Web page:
May 21, 2013 News
Moves by the parliamentary opposition to not render its support to Government were yesterday condemned when the People’s Progressive Party (PPP) held a press conference at its Headquarters, Freedom House, Robb Street, Georgetown.
Unsupportive tactics portrayed by the Opposition were described by Minister of Housing and Water, Irfaan Ali, as “a psychological warfare” aimed at developing a sense of frustration and withdrawal syndrome among the populace thereby allowing the Opposition “to score cheap political points.”
Ali’s verbal ranting was forthcoming even as efforts were made to denounce moves by the Alliance for Change (AFC) to withhold its support for Government’s Anti-Money Laundering and Countering the Financing of Terrorism (Amendment) Bill.
And even as he slammed the declaration of AFC Leader, Khemraj Ramjattan, that Finance Minister, Dr. Ashni Singh, is a “hypocrite” for expressing anger and shock at the AFC’s decision, Ali warned that the onus is now on the entire Guyanese society to guard against political pettiness.
Although A Partnership for National Unity (APNU), the other crucial faction of the Parliamentary Opposition, has not indicated plans to withhold its support of the Bill, it has questioned the Government’s rush to have it passed.
But according to Ali the approach being embraced by the Parliamentary Opposition is one that is akin to “political blockade that is being developed against this Government and against the infrastructure of this country.”
Ali contended that there is currently a “comprehensive understanding” among the members of the Opposition to block development, economic advancement and financial reforms all aimed at seeing the Government fail. “They want to see the Government fall, they want to make governance impossible and they want to see the economic gains stalemated.”
He noted that the society must not only guard against this but it must seek to recognise that moves are being made by the Opposition to generate enough energy around what he dubbed a “sinister plan” to destroy the country.
Minister within the Ministry of Finance, Bishop Juan Edghill, said that the National Assembly should have been more sensitive and responsive to Guyana’s interest as it relates to the legislation in question. He disclosed that when the piece of legislation was tabled all members were furnished with it two weeks before the next sitting to consider the proposed amendments to the Bill.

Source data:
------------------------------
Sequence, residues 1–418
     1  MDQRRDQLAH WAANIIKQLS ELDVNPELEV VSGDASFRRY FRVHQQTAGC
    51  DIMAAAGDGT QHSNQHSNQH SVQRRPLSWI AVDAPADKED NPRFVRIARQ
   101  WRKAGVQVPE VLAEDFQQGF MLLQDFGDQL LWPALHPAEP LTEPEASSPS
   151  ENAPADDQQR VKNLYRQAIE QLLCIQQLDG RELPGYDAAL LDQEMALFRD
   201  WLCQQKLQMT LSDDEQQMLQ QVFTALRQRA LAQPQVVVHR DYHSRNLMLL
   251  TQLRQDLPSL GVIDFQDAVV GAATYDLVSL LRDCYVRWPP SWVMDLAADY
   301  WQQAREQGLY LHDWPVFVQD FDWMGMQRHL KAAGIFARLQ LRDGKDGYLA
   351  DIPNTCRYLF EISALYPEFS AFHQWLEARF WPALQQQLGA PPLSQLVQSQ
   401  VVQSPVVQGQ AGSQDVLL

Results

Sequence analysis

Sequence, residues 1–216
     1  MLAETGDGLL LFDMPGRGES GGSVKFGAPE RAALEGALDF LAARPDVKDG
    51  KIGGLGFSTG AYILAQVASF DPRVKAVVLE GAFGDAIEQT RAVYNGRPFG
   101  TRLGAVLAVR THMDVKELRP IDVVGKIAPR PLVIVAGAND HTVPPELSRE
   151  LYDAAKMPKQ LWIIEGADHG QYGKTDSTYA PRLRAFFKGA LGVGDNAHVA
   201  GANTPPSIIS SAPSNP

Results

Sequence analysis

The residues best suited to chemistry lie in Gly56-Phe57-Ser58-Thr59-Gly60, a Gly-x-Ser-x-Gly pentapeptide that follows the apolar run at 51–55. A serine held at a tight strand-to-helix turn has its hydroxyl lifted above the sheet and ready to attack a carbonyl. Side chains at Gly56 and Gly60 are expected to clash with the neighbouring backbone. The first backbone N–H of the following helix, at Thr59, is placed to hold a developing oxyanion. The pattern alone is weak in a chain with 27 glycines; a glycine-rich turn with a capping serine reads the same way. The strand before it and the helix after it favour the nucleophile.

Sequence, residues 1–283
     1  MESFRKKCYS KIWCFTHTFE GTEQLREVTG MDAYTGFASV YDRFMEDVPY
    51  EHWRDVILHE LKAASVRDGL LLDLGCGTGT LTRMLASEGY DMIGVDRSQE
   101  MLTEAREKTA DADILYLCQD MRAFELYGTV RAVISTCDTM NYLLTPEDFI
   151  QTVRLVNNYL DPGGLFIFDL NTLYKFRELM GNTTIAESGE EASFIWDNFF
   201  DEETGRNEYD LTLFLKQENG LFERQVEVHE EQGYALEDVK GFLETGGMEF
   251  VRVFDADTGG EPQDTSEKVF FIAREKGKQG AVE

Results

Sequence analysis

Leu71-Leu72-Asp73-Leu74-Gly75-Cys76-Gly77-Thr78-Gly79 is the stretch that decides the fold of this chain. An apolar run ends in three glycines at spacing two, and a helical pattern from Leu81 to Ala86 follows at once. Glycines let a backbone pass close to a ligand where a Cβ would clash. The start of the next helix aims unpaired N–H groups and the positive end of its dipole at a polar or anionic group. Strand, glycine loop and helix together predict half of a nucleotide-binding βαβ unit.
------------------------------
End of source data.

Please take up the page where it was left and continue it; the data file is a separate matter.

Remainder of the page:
He noted, though, that even before it was tabled there was a history attached whereby the Act was established in 2009. However, a gap in the Act required that it be amended in order to not only synchronise a number of other pieces of legislation but also to ensure that “dirty money” does not go undetected.
Edghill said that Government was able to benefit from expert advice both from the Caribbean and International Financial Task Forces. Additionally, he made mention of a special meeting which was attended and addressed by President Donald Ramotar. That meeting was supported by the Americans, the British, the Canadians and the European Union.
“Members of the Opposition, even before its tabling, knew of the importance of this piece of legislation and they also knew that Guyana was coming up for review in May 27- 31 which is closely approaching,” Edghill noted.
In fact immense efforts were made by the Government representatives yesterday to emphasise that not only was the Bill supported by the private sector and the religious community but it was touted as a piece of legislation that “all members of Guyana should show a keen interest in.”
Edghill said that without the enactment of the amended legislation “banks will literally be refusing money coming to Guyana because there will not be sufficient policing to ensure that they are not tied into any untoward activity.”
Could you imagine Guyana being placed in a different category as a result of not having this legislation in place and the consequences that flow from such actions?…And here it is we have men and women in the National Assembly being fully aware of how their insensitivity, their unreasonableness, their irrational approach to national development can affect a wide cross-section of Guyanese and take a hard-line position that first of all says we are not supporting and another group saying what is the issue with the timeline…”
Government has been desperately advocating for the passage of the Amendment Bill as failure to do so could see Guyana being blacklisted by the Caribbean Financial Action Task Force for not doing enough to combat money laundering and to stop the financing of terrorism.
The Task Force, made up of 29 states of the Caribbean Basin, was created in 1990 following meetings in Aruba and is mandated to implement measures to address the problem of money laundering.
And even as the Government’s side insisted that it had not procrastinated in addressing the needful amendments to the Money Laundering Act, APNU at its most recent press briefing stressed that it would not shirk its responsibility for careful scrutiny of the amendments to the legislation on the altar of expediency.
The Amendment Bill is currently before a Special Select Committee.
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